The results of many previous studies on low salinity/controlled ions water (CIW) flooding suggest that future laboratory and modeling investigations are required to comprehensively understand and interpret the achieved observations. In this work, the aim is co-optimization of the length of the injected slug and soaking time in the CIW flooding process. Furthermore, the possibility of the occurrence of several governing mechanisms is studied. Therefore, the experimental results were utilized to develop a compositional model, using CMG GEM software, in order to obtain the relative permeability curves by history matching. It was concluded that CIW slug injection, concentrated in the potential-determining ion, can increase oil recovery under a multi ion exchange (MIE) mechanism. The wettability of the carbonate rocks was changed from a mixed or oil wet state toward more water wetness. However, there is a CIW slug length, beyond which extending the length does not significantly improve the rock wettability, and consequently, the oil production, which is known as the optimum slug size. This implies that the optimization of the injection process, by minimizing the slug size, can decrease the need for the CIW supply, therefore lowering the process expenditure. Moreover, if the exposure time of the rock and CIW is increased (soaking), a higher level of ion substitution is probable, leading to more oil detachment and production. Rock dissolution/precipitation (leading to a pH change) was found to have a negligible contribution.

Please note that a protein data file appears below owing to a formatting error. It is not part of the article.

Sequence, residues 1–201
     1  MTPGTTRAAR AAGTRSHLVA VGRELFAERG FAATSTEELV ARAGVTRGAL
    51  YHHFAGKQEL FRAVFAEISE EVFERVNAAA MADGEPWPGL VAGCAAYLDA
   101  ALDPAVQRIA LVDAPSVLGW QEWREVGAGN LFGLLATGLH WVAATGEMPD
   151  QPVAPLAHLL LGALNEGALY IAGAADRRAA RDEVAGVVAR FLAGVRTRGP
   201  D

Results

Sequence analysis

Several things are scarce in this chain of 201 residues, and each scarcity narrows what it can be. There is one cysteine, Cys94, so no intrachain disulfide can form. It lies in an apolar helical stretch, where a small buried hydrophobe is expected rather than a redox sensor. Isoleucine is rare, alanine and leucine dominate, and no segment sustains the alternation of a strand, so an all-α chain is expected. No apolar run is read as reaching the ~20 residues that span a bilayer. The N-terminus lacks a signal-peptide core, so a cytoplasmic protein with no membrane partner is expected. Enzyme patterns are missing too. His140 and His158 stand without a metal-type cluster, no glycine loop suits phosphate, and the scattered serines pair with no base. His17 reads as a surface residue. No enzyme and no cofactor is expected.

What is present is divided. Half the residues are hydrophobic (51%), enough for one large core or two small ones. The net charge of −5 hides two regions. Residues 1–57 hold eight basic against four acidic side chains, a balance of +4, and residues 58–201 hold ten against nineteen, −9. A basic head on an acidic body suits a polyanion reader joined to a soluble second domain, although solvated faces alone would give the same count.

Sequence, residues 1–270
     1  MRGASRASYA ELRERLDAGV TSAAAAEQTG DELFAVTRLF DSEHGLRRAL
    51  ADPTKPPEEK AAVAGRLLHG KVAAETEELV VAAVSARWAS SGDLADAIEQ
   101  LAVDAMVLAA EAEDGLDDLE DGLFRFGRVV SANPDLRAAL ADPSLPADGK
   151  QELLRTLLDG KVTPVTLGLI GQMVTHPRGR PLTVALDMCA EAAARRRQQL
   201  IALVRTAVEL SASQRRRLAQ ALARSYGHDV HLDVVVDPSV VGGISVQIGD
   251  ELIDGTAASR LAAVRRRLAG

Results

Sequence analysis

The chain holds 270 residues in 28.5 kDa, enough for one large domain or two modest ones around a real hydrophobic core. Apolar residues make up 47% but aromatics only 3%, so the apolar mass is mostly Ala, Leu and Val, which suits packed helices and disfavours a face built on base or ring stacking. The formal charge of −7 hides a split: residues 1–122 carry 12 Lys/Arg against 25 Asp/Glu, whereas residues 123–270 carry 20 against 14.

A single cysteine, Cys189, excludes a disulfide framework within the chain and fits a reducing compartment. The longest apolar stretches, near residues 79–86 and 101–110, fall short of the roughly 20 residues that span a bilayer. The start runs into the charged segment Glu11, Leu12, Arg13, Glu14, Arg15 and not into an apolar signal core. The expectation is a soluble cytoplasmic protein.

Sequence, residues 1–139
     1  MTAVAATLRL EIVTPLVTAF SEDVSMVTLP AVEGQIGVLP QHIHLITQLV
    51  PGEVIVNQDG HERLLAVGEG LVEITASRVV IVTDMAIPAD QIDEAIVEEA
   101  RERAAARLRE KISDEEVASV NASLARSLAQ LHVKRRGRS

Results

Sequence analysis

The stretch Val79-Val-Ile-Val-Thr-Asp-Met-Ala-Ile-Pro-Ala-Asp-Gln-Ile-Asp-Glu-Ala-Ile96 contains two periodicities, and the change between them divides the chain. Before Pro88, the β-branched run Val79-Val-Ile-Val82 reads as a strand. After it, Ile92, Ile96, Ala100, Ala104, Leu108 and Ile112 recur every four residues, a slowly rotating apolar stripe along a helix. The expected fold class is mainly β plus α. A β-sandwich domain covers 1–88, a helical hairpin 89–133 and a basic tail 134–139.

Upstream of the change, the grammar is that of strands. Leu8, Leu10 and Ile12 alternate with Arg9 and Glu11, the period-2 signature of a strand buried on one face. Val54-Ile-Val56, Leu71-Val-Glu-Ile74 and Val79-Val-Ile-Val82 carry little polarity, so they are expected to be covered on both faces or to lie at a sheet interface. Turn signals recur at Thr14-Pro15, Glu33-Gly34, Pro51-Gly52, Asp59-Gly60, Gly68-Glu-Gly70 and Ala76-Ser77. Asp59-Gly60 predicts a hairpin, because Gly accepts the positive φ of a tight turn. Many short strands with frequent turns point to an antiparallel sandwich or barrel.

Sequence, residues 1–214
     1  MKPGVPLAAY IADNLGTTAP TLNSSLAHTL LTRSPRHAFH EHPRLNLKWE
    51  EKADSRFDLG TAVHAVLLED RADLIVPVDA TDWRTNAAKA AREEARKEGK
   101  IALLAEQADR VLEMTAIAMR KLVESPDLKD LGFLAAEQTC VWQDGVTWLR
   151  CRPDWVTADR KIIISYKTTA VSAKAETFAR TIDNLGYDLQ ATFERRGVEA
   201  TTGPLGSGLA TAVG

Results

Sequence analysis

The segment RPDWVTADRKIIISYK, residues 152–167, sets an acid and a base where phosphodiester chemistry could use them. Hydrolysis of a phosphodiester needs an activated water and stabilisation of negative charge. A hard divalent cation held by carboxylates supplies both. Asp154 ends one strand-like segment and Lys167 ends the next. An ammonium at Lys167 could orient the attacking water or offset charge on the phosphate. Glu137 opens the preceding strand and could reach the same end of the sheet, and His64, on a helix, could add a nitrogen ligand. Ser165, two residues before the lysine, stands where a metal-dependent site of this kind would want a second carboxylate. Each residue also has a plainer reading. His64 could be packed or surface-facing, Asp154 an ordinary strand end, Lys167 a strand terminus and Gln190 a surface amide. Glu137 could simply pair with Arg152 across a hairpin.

ASJC Scopus subject areas
- Chemical Engineering(all)